Ladies and gentlemen,
On behalf of the High Commissioner, it is a great pleasure for me to be with you this morning to open the 7th session of the Committee on the Rights of Persons with Disabilities. May I welcome all the members back to Geneva and share some information about the main developments in the international human rights system right system.
Status of ratification of the Convention and Optional Protocol
Since 1 September 2011, nine countries have ratified or acceded the Convention (Bahrain, Luxembourg, Cape Verde, Indonesia, Myanmar, FYR Macedonia, Mozambique, Bulgaria and Mauritania) bringing to 112 the number of States Parties to the Convention. In addition, five more countries have ratified the Optional Protocol (Luxemburg, Mauritania, Mozambique, FYR Macedonia and Uruguay) bringing the number of the States parties to 67.
Growth of the treaty body system
Just since your last session, we saw the inauguration of the tenth human rights treaty body, the Committee on Enforced Disappearances, which held its first session in November 2011, and the adoption by the General Assembly of the third Optional Protocol to the Convention on the Rights of the Child establishing a communications procedure. At the signing ceremony on 28 February, as many as 20 States signed the Optional Protocol. Thus, the treaty body system continued to expand.
Treaty body strengthening process
Meanwhile, the treaty body strengthening process has reached a decisive stage. At previous sessions, the Committee was briefed about the series of consultations held with different actors (including treaty body experts, States parties, national human rights institutions, civil society, and United Nations entities) since 2009, when the High Commissioner called upon all stakeholders to reflect on ways to strengthen the treaty body system. Last November, a meeting was organised in Dublin where the convenors of all the consultations were gathered to review all the recommendations made to date and bring them together into a coherent whole. The contributions of your Chairperson were highly valued. At this stage, the Committee on the Rights of the Child and the Human Rights Committee have endorsed the Outcome Document, often referred to as “Dublin II,” as other Committees, and many more members have endorsed it in their individual capacity. I understand that the outcome document is in your files and that my colleagues in the Treaties Division will later during the session walk you through it, to help you determine whether this Committee would not also wish to pronounce itself.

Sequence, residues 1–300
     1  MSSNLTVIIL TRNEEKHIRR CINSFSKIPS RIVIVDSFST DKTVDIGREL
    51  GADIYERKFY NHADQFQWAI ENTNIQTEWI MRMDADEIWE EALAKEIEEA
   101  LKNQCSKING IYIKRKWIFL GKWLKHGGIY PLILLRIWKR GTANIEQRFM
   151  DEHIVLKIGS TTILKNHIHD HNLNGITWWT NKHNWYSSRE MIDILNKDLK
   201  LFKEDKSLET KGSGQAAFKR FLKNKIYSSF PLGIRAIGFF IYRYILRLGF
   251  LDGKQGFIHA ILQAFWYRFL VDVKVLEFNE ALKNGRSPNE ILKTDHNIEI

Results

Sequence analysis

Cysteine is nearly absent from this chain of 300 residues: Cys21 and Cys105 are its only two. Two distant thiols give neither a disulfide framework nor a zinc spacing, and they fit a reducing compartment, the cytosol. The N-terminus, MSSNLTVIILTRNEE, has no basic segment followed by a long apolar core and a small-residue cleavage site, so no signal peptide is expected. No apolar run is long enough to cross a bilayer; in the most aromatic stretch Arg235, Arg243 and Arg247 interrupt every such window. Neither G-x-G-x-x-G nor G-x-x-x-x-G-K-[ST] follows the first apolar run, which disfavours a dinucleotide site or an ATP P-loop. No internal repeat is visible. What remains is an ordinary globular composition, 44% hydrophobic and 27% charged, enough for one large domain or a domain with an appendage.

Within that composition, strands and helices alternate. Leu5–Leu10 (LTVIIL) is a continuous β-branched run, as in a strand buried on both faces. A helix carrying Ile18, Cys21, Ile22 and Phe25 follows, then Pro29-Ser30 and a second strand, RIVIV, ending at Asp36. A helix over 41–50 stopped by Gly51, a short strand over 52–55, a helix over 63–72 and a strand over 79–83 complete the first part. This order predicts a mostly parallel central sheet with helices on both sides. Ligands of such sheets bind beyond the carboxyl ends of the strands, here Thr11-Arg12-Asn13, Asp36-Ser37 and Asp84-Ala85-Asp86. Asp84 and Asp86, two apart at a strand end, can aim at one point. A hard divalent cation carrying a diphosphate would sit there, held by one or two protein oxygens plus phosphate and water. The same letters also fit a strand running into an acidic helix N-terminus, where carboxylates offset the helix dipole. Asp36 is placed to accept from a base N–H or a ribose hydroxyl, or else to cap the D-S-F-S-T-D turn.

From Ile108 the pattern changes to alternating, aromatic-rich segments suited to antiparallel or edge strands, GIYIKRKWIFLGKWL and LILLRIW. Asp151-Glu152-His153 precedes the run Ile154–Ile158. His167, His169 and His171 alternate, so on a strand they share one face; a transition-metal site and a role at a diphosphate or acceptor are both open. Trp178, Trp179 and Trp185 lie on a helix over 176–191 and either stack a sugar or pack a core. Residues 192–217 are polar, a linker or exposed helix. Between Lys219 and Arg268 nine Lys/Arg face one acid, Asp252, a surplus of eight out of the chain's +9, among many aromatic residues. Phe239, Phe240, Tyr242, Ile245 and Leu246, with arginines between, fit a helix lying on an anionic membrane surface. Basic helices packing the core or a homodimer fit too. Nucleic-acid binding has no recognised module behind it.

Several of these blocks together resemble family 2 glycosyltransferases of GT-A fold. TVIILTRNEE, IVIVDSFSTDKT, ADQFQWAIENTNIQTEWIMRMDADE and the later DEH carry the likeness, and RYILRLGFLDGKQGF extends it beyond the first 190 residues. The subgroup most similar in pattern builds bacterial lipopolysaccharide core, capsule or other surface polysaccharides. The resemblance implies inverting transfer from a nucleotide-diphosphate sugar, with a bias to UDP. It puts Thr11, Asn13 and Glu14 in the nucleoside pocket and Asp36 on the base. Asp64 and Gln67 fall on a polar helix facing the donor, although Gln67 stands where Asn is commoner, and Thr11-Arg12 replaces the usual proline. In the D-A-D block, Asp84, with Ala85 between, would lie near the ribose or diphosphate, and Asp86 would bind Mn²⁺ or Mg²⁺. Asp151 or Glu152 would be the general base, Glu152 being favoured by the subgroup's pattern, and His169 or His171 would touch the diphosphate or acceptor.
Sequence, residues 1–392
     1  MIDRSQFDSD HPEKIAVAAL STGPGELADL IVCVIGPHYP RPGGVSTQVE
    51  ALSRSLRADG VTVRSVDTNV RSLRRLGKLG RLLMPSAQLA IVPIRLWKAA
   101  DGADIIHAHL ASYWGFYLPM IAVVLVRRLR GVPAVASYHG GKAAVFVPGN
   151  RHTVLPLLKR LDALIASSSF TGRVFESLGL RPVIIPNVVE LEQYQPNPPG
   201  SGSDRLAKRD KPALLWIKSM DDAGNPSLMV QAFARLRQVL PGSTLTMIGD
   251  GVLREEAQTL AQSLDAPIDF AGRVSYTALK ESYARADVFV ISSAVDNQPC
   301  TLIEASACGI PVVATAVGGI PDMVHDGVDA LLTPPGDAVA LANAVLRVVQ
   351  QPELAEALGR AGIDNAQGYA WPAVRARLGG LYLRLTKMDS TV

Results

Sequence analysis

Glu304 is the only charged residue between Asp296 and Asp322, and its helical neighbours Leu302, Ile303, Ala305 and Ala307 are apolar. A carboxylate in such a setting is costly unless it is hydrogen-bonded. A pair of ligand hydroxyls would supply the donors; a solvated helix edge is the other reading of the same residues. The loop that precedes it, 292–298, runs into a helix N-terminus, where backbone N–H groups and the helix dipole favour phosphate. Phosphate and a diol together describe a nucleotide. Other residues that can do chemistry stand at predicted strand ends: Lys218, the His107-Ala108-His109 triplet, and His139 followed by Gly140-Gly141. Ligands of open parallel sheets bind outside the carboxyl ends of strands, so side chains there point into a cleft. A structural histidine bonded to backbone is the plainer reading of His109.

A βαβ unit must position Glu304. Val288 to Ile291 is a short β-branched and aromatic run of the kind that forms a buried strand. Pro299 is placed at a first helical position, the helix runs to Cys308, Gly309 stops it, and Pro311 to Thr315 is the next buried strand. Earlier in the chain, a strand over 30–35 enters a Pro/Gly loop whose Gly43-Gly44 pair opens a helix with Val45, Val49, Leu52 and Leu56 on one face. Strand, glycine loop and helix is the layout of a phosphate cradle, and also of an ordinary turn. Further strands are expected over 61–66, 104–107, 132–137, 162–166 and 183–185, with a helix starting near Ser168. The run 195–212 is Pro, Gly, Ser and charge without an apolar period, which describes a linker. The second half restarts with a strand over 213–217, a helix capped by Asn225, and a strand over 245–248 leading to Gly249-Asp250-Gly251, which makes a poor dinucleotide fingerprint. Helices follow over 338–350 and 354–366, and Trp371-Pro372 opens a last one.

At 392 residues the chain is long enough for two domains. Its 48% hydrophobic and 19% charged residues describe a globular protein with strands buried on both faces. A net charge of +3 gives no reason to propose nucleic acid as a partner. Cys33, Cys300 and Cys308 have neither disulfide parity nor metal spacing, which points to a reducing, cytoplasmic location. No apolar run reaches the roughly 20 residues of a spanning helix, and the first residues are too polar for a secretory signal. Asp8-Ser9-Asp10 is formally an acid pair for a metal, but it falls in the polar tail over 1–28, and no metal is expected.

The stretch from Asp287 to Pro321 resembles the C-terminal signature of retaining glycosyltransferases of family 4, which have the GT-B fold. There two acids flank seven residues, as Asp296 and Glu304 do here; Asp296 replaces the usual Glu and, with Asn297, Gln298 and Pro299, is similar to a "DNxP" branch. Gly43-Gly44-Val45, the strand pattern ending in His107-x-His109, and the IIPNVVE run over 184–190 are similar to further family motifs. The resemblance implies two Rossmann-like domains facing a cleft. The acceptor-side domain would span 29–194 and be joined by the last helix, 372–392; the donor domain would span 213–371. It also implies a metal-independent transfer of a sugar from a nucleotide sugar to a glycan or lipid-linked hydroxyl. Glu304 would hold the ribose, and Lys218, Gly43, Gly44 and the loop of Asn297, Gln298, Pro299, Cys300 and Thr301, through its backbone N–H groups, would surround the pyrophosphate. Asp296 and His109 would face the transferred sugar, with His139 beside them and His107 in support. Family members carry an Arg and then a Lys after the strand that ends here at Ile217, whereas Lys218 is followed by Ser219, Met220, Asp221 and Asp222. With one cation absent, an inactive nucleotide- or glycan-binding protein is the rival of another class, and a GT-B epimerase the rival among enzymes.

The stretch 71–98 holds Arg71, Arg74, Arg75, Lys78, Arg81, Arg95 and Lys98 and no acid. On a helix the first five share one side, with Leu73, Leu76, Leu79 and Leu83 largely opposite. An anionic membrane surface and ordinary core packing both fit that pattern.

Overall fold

In New York, the High Commissioner reiterated that the treaty body system has reached its limits both in terms of coherence and sustainable functioning. The funding for the treaty body system has lagged behind the expansion and increasing workloads. This shortfall has a direct impact on their meeting time, documentation and staffing needs. She expressed to Member States that resources for the treaty bodies must be adequate to the task they have been mandated to fulfil.
The increased engagement of States is also reflected by the General Assembly resolution A/RES/66/254 of 23 February 2012, launching an open-ended intergovernmental process on strengthening and enhancing the effective functioning of the human rights treaty body system. I believe that a forum for States parties to reflect on concrete solutions to resolve the challenges faced by the treaty bodies is necessary, particularly the financial requirements of a fully functional system. I hope that this process can fulfil such a role constructively, while fully respecting the independence of the treaty bodies and their powers to decide on their own working methods and rules of procedure. The treaty body strengthening process is thus shifting from one of reflection to one of action.
Independence of treaty body experts
At the 23rd annual meeting of the chairpersons of human rights treaty bodies, which was held in June 2011, the chairs requested OHCHR to draft guidelines on the independence of members of the treaty bodies relating to their various functions. A preliminary version of the guidelines was prepared and circulated among treaty body experts. Various amendments were suggested, and the draft has been revised. This revised draft will be discussed next June at the 24th annual meeting of chairpersons. During this session you will have the opportunity to further discuss these guidelines.